May 20 2020 - Patients who had the coronavirus and recovered but tested positive weeks later probably aren’t contagious or capable of transmitting the virus, researchers in South Korea reported on Monday.
Scientists at the Korean Centers for Disease Control and Prevention studied 285 of the 447 COVID-19 patients who tested positive again after their first bout of the illness and previous negative tests. Virus samples from the “re-positive” patients couldn’t be grown in cultures in a lab, which means the patients had non-infectious or “dead” virus particles, the researchers said.
They also traced 790 contacts from the 285 cases, and so far, haven’t identified any new infections based on the re-positive cases alone. Three of the 790 contacts tested positive, but they had contact with another positive case, such as a family member. Those three also had antibodies.
The findings provide hope and a positive sign as countries begin to reopen and remove stay-at-home guidelines, Bloomberg News reported. This new report means that patients who have recovered from COVID-19 likely can’t spread the coronavirus to others.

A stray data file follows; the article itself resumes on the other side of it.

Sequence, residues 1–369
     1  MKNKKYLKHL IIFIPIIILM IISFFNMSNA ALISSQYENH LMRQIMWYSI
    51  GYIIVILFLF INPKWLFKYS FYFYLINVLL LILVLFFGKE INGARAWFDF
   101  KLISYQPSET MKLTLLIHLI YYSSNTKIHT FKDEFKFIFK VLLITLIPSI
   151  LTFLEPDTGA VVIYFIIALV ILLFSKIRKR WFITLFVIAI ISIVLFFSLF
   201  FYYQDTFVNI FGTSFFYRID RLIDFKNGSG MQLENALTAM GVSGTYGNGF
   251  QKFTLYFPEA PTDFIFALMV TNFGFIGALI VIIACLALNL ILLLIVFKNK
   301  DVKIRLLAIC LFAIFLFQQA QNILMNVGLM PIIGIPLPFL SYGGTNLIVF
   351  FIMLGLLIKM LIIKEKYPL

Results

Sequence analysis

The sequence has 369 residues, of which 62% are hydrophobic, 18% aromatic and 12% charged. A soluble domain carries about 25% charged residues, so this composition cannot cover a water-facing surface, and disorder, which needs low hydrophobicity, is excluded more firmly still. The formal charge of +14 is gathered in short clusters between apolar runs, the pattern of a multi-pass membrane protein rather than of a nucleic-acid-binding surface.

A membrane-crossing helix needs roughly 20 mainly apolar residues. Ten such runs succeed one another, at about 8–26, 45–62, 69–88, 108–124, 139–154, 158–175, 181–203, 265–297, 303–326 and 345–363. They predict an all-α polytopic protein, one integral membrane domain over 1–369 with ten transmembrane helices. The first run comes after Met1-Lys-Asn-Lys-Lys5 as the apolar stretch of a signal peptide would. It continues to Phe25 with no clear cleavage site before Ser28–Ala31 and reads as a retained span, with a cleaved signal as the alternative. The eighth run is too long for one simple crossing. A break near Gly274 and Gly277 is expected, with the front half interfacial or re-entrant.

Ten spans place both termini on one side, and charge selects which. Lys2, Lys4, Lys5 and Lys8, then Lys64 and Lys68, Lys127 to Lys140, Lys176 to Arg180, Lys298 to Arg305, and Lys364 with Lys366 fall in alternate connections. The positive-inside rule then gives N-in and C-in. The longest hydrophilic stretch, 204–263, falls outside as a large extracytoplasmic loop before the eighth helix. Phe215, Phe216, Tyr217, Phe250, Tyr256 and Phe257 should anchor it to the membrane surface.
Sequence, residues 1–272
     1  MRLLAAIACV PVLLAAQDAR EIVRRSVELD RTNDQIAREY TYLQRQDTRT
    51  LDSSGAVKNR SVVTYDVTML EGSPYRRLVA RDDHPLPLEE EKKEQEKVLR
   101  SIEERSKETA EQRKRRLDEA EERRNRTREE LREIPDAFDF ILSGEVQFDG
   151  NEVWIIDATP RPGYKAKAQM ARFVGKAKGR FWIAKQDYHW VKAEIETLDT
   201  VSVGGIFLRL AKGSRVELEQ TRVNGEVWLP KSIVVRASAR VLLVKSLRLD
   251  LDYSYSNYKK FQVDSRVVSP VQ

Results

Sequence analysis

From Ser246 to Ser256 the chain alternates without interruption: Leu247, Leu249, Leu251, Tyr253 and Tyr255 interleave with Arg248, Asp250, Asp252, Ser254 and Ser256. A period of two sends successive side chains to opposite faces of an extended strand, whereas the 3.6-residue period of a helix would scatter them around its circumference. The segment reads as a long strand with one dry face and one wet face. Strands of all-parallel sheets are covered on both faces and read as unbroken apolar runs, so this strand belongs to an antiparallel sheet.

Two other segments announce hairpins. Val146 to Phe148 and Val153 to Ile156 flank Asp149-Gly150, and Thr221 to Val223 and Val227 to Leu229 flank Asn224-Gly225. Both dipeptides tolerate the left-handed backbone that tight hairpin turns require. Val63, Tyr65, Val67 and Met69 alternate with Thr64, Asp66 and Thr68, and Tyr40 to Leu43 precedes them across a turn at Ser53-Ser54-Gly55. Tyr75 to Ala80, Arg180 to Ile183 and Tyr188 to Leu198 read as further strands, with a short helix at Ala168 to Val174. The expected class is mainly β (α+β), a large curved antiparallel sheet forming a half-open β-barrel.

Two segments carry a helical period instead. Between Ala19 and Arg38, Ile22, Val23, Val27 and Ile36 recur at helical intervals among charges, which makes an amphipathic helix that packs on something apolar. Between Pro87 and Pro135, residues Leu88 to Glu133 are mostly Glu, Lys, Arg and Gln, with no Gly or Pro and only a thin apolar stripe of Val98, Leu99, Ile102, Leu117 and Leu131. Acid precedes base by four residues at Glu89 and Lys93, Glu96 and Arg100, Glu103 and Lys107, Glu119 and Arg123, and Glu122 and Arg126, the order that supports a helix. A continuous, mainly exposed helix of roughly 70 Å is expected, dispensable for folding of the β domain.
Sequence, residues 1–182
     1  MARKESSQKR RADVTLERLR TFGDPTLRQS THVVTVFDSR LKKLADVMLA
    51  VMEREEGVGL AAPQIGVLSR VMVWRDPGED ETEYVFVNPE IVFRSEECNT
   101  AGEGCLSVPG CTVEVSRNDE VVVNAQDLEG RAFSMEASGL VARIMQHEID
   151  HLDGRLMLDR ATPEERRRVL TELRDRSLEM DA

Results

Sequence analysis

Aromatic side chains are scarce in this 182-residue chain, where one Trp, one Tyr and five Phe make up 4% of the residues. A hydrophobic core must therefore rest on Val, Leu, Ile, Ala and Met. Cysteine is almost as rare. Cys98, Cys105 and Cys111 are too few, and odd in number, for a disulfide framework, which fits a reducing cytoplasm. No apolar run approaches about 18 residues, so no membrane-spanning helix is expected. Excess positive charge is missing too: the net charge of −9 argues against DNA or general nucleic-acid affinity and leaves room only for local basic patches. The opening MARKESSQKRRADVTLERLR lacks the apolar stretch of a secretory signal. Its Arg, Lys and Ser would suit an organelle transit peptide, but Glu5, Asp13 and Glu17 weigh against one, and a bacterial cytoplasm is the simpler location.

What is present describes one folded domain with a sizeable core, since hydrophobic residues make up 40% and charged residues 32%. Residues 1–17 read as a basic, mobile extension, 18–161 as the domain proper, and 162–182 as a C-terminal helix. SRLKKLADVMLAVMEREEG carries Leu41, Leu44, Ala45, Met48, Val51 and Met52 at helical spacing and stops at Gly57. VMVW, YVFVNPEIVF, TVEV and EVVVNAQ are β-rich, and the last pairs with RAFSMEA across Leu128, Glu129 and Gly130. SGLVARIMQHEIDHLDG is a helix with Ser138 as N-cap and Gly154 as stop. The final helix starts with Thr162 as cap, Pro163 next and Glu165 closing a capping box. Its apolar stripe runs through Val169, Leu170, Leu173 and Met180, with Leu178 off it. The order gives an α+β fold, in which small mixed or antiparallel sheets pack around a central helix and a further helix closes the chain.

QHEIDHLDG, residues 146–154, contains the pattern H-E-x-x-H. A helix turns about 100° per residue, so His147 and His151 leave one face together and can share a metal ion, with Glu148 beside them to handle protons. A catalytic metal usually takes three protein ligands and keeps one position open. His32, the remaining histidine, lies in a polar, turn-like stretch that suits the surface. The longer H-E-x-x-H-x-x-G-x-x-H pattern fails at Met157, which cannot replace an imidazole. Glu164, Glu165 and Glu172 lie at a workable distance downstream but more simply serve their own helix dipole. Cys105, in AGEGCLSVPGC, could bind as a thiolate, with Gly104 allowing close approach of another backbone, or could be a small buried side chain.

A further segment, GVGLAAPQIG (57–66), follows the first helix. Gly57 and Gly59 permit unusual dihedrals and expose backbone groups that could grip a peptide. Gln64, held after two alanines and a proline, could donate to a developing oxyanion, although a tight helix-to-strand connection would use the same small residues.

In April, researchers found that diagnostic nucleic acid tests being used for the virus can’t tell the difference between “live” and “dead” particles, the news outlet reported, which could indicate why a recovered patient might test positive again.
The new research could also add insight about COVID-19 antibody tests, which use a blood sample to see whether someone has been exposed to the coronavirus. Scientists believe antibodies likely indicate some immunity to the virus, but they don’t know for sure or how long the immunity might last.
Based on the new findings, South Korean public health officials said people who had the virus don’t need to test negative again before returning to work or school once they’ve recovered and completed isolation.
“Under the new protocols, no additional tests are required for cases that have been discharged from isolation,” the Korean CDC said.
The agency added that it will continue to report on and study these cases and their contacts.
The percentage of cases that tested positive again seemed to vary by group and location, the researchers wrote. For instance, about a quarter of people tested positive again in schools in one city, but nearly half tested positive again in a nursing home in another city.
On average, it took about 2 weeks for patients to test positive again after being discharged and 45 days — or more than 6 weeks — after their first symptoms started. About 45% had symptoms such as a cough and sore throat when they tested positive again.
Nearly 5 million people have contracted the coronavirus worldwide, and 1.5 million cases have been confirmed in the U.S., according to data from Johns Hopkins University.